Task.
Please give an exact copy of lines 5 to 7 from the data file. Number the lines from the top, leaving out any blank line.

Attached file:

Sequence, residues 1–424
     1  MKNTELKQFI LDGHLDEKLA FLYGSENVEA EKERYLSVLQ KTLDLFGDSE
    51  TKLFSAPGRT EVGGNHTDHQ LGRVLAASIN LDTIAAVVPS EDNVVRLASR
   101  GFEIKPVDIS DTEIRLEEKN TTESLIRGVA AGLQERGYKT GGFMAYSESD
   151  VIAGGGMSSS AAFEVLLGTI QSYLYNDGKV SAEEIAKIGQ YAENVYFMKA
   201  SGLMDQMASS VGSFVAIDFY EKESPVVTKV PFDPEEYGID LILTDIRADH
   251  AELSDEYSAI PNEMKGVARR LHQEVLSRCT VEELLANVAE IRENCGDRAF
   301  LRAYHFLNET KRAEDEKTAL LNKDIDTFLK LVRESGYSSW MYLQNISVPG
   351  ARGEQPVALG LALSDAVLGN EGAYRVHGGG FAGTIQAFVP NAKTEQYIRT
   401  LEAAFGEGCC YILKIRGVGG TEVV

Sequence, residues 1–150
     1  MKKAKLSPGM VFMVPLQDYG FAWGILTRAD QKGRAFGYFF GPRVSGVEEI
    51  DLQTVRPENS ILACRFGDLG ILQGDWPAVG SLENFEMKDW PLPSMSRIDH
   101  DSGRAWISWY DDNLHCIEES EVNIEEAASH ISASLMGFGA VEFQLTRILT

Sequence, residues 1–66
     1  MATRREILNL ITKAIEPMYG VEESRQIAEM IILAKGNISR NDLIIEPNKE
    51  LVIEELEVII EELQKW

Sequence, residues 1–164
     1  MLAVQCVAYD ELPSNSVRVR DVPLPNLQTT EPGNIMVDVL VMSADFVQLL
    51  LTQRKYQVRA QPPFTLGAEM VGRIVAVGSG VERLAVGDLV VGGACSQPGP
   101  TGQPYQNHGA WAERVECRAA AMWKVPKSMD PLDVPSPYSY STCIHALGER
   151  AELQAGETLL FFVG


   151  VIAGGGMSSS AAFEVLLGTI QSYLYNDGKV SAEEIAKIGQ YAENVYFMKA
   201  SGLMDQMASS VGSFVAIDFY EKESPVVTKV PFDPEEYGID LILTDIRADH
   251  AELSDEYSAI PNEMKGVARR LHQEVLSRCT VEELLANVAE IRENCGDRAF